I retouch fewer and fewer images for clients now. I think every pro retoucher goes through the same stages: at first they will take on any client assignment, then after they’ve built a good and strong portfolio they become more and more selective with their clients. And an established and successful pro retoucher would only take on assignments which will either pay very well, or are guaranteed to get published. I now only work for a handful of regular clients and the rest of the images I retouch are my own.I do treat client assignments different. I am usually less “off the leash” with my creative ideas and coloring, which may sound like something undesired for an artist, but that’s actually what made my retouching much better. It’s that switch which you have to learn to be able to control. You just turn it on and off between your client assignments and your personal work. For clients you have to get clean colors, and for yourself you are free to do whatever the heck you like with your art. And the more you get it under your control the better professional you are.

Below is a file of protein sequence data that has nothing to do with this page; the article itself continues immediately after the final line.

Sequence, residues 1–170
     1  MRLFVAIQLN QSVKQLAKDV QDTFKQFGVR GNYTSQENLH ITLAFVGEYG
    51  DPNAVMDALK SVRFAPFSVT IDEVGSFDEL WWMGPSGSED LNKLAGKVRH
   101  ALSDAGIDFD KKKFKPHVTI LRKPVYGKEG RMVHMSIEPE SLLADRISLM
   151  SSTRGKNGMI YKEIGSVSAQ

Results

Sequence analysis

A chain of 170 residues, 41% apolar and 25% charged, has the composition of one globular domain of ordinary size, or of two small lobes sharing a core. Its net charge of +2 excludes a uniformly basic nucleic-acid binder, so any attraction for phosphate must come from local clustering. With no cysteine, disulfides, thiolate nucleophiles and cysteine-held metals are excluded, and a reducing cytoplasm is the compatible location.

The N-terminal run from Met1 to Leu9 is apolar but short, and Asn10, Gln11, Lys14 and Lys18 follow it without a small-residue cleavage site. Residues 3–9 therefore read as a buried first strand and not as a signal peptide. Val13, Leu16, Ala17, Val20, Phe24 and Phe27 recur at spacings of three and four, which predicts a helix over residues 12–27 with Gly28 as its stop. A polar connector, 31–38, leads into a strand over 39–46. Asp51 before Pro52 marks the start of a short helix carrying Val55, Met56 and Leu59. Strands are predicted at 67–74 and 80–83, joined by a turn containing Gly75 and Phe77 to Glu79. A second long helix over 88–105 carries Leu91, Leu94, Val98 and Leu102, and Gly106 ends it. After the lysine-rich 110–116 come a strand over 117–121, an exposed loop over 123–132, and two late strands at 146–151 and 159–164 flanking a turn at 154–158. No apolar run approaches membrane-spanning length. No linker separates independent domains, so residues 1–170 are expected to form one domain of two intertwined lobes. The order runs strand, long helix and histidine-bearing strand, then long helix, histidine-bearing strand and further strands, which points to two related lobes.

You are a teacher as well and you document the progress of past students. How does it feel to see the impact you have made on other’s lives? Do you feel like there is a place for everyone to be great?